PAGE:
.com, .co, or .net?



  • I think I would like to use .com if I can find an available domain name that I like. The problem is the .com names are becoming increasingly hard to find. I dont know if its better to use a shrother .co or .net domain name or go for a longer .com domain name.



  • Lots of factors to consider. Obviously NTG went for .co because we wanted really short. ntg.co - just five letters. We also got our Columbian domain in the first fifteen minutes of it being open for US buyers. We had staff up in the middle of the night to start bidding on domain names. We had a standing bid for niagara.co that we lost. Although really, we are pretty happy with ntg.co. What really sucks, though, is whoever got that domain never used it and just abandoned it. Jerks.

    We own .net addresses as well but we generally don't use them.



  • @scottalanmiller does seo treat you any differently?



  • @IRJ said:

    @scottalanmiller does seo treat you any differently?

    Don't believe so. It definitely should not, that would be a real scandal if Google and others were punishing non-American domains.



  • A question we always ask our clients: is the .com in the same business as your business? If so, don't use that domain name regardless of the extension.



  • .net domains were for ISPs and networking providers, so depending on your business, they may or may not be a good choice. There's always the country-specific TLDs, such as .us.



  • @alexntg said:

    .net domains were for ISPs and networking providers, so depending on your business, they may or may not be a good choice. There's always the country-specific TLDs, such as .us.

    That used to be the case, but certainly isn't any more.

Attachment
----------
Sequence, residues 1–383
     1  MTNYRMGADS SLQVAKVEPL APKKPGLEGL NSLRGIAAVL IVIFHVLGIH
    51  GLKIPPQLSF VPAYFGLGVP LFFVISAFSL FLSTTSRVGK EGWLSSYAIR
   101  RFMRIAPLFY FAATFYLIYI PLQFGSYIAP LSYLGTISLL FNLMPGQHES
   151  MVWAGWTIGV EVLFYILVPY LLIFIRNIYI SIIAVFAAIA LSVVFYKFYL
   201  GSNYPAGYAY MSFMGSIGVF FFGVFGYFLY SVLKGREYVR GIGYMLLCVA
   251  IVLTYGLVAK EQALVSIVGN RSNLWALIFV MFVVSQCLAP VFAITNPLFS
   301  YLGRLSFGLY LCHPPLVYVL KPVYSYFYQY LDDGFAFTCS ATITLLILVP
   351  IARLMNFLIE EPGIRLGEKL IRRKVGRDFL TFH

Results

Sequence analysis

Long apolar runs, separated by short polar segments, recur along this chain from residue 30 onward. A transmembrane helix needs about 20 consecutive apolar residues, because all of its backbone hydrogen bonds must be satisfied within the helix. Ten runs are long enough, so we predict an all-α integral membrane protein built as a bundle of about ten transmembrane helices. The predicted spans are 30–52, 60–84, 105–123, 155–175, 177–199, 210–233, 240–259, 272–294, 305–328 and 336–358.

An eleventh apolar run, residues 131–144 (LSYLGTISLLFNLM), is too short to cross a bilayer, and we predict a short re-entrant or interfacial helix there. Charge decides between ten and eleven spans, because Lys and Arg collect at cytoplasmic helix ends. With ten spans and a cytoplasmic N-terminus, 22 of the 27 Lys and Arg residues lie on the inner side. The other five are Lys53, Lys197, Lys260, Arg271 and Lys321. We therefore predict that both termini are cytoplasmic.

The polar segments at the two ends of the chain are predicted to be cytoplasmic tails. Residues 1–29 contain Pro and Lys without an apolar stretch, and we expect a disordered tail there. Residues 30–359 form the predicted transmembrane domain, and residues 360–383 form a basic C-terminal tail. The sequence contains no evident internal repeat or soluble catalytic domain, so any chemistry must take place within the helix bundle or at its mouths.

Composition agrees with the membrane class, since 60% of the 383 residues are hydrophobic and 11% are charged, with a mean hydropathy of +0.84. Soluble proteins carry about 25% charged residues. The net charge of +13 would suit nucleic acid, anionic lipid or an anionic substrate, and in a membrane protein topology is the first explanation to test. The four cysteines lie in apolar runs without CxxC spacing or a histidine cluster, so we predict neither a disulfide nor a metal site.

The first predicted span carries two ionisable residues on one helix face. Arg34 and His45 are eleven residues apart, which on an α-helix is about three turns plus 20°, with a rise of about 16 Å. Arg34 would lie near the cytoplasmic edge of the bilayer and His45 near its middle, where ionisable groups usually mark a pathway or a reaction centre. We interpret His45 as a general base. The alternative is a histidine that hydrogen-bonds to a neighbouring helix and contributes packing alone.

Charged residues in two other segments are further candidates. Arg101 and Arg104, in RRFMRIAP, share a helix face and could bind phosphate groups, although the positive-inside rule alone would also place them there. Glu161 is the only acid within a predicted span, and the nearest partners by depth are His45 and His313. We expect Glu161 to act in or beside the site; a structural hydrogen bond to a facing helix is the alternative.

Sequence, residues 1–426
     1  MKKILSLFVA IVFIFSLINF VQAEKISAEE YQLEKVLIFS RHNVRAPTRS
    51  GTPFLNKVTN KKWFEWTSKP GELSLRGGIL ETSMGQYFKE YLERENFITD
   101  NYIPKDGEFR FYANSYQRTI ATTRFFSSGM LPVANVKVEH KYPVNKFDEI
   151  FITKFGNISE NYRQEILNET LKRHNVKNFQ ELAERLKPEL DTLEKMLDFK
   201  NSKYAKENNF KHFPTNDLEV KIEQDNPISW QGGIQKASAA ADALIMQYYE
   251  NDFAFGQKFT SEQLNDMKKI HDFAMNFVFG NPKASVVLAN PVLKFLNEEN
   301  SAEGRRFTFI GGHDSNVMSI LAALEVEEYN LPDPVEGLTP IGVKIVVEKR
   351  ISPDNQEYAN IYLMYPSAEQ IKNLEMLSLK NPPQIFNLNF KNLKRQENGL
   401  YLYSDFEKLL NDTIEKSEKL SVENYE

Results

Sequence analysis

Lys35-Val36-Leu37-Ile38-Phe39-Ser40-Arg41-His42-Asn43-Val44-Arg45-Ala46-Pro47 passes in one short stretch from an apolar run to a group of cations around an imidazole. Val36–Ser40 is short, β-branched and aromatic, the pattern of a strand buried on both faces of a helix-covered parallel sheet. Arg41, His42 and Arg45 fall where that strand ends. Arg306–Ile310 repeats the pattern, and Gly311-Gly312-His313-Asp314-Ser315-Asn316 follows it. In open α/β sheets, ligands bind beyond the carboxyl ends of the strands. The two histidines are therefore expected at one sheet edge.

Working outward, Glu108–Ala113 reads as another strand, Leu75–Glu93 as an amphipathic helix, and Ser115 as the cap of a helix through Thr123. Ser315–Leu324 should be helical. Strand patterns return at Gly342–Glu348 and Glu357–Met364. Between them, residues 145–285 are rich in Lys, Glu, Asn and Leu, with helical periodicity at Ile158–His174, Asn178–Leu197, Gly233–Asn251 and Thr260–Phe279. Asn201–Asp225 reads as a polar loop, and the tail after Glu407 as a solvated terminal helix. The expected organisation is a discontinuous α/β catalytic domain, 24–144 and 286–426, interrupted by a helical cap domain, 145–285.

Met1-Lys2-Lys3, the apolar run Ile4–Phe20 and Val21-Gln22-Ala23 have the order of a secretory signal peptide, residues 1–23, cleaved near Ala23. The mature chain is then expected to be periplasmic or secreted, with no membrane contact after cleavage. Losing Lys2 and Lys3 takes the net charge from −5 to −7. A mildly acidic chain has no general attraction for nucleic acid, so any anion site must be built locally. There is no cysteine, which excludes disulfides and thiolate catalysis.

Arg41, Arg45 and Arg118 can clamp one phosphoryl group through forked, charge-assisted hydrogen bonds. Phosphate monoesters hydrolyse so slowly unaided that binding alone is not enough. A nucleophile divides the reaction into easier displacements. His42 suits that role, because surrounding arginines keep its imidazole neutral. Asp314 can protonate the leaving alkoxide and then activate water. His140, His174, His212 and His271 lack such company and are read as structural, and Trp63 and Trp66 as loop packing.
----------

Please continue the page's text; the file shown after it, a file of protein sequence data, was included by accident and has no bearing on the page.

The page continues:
My office went with a .net for email (I have no idea why - I wasn't around when that decision was made).



  • We used .us because both .com and .net weren't available and no one would confuse our business with that .com or .net domain name.



  • @Dashrender said:

    @alexntg said:

    .net domains were for ISPs and networking providers, so depending on your business, they may or may not be a good choice. There's always the country-specific TLDs, such as .us.

    That used to be the case, but certainly isn't any more.
    My office went with a .net for email (I have no idea why - I wasn't around when that decision was made).

    Still is the case. Just widely abused. It you use a .net inappropriately it reflects poorly on the company - makes the look confused.



  • @scottalanmiller said:

    @Dashrender said:

    @alexntg said:

    .net domains were for ISPs and networking providers, so depending on your business, they may or may not be a good choice. There's always the country-specific TLDs, such as .us.

    That used to be the case, but certainly isn't any more.
    My office went with a .net for email (I have no idea why - I wasn't around when that decision was made).

    Still is the case. Just widely abused. It you use a .net inappropriately it reflects poorly on the company - makes the look confused.

    Much like this is an Italian website.